The People’s Bank of China has proposed new antitrust rules for non-bank digital payment companies, which are likely to pressure the duopoly held by Ant Group and Tencent over the market.
Why it matters: The rules set the standard for monopolistic behavior in China’s third party digital payment market. If implemented, they are likely to trigger regulatory scrutiny of Ant Group and Tencent.
- The move is part of a wider regulatory antitrust clampdown on tech companies and particularly on fintech, but it is the first to target the digital payment sector.
- Sources have told TechNode that Ant Group and Tencent’s online payment duopoly does not sit well with banks and authorities, but there had been little to no regulatory movement to curb their power.
Details: The new rules set market share thresholds for the “confirmation of market dominant position,” which might trigger a regulatory review. If non-bank online payment companies exceed these thresholds, the central bank will consult with the antitrust watchdog to determine whether the company or companies have engaged in monopolistic behaviors.
- For a single third-party payments provider, the market share threshold is half of the market; two-thirds of the market for two providers’ combined share; for three providers’ combined market share, the limit is 75% of the market.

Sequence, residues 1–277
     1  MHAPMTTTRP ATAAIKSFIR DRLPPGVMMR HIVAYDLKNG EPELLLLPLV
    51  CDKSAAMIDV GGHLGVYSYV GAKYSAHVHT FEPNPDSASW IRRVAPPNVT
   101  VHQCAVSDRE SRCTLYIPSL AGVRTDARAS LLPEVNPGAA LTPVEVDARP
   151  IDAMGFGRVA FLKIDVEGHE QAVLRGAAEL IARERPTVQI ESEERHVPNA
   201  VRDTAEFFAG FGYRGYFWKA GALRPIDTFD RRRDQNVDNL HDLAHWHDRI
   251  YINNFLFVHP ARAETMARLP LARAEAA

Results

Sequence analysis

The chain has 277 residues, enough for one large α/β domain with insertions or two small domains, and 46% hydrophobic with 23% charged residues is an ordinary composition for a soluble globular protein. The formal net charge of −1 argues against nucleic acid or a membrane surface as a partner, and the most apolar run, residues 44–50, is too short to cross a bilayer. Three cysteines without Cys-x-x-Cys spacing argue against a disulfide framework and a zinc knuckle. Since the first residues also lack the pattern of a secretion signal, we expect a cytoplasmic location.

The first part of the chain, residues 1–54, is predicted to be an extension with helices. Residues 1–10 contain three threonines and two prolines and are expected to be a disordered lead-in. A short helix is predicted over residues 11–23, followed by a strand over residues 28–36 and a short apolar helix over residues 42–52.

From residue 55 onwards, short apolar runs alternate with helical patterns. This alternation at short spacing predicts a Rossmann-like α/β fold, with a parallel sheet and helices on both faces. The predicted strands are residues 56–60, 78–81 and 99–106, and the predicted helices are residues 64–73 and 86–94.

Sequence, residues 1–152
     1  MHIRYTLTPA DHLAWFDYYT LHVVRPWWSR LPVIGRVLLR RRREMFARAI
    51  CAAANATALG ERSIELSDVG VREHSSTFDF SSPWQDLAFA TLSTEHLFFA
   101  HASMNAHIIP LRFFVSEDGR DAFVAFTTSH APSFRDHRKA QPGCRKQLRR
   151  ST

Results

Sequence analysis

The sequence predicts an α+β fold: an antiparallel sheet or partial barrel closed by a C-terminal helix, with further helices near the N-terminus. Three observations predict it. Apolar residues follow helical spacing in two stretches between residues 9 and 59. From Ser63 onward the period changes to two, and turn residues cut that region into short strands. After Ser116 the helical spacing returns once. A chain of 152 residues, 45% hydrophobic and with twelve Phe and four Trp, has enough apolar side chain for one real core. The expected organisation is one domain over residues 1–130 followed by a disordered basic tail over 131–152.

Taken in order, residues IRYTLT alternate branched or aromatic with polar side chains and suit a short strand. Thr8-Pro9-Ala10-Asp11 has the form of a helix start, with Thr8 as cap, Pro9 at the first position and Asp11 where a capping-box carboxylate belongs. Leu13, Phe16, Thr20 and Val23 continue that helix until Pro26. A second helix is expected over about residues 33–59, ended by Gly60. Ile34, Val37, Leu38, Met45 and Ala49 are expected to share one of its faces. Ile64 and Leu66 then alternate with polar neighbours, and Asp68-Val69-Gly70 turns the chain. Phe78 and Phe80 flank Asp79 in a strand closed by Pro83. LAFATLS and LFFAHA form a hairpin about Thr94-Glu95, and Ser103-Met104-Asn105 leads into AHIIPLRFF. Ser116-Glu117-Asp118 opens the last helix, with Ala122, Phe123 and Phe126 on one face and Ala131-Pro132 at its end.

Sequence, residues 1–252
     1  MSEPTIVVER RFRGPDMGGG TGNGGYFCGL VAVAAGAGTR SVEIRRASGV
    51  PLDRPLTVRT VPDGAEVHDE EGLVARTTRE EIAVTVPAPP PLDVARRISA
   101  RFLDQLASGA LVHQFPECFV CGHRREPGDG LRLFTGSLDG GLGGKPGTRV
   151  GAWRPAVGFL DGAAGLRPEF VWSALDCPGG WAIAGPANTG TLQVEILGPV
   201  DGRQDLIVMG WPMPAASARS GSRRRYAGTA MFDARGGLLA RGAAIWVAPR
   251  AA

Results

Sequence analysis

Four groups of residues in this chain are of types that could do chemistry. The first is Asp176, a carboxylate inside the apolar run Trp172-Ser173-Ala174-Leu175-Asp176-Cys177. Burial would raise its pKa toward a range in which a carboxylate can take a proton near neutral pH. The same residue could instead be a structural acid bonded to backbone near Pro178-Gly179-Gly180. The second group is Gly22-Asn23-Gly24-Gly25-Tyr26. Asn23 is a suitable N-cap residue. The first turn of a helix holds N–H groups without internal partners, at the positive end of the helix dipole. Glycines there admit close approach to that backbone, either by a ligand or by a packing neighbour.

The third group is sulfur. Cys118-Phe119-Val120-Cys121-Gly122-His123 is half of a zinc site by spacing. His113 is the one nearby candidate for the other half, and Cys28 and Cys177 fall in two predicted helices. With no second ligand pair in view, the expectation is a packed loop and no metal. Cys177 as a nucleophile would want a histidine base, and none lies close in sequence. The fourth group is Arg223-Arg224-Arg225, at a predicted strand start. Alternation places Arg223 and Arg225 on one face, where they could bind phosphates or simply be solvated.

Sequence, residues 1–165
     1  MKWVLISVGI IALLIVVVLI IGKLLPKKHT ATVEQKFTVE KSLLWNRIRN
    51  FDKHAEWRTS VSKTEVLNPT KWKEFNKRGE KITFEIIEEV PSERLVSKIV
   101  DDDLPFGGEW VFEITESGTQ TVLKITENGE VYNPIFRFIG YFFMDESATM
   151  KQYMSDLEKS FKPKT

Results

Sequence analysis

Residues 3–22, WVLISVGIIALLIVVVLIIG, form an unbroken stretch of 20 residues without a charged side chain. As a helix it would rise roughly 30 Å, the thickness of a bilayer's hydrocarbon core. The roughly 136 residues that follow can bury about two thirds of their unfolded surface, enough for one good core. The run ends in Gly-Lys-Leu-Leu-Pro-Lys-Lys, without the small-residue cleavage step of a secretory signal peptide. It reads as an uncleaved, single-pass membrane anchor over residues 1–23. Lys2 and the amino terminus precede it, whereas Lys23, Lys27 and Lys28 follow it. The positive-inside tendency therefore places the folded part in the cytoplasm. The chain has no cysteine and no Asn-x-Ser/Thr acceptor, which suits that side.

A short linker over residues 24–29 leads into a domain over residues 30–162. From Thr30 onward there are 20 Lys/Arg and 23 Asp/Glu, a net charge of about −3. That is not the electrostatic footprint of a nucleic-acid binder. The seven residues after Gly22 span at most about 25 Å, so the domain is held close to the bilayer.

- If one of the multiple-party payment providers accounts for less than 10% of the market, it will not be included in the anti-monopoly review.
- Ant Group individually and in combination with Tencent exceeds these thresholds. Ant Group holds 55.6% of China’s market for digital payments, and Tencent accounts for 38.8%, a June 30 report from market intelligence firm iResearch said.
- The rules also set early warning thresholds, which are lower than the “confirmation” thresholds, and might mean key personnel is called in for interviews.
- The draft rules are open for comment until Feb. 19.
Context: Regulators have been trying to rein in big tech in the last few years. Regulatory efforts have intensified, however, since Ant Group’s initial public offering in Shanghai was abruptly halted in November.
- Sweeping antitrust rules were released in the days following the Ant Group listing fiasco. Soon after, Alibaba, an SF Express subsidiary, and a Tencent-backed platform were fined for failing to report acquisition deals for antitrust reviews.
- The central bank released a technical document to standardize the use of AI and big data in payment risk prevention on Jan. 4.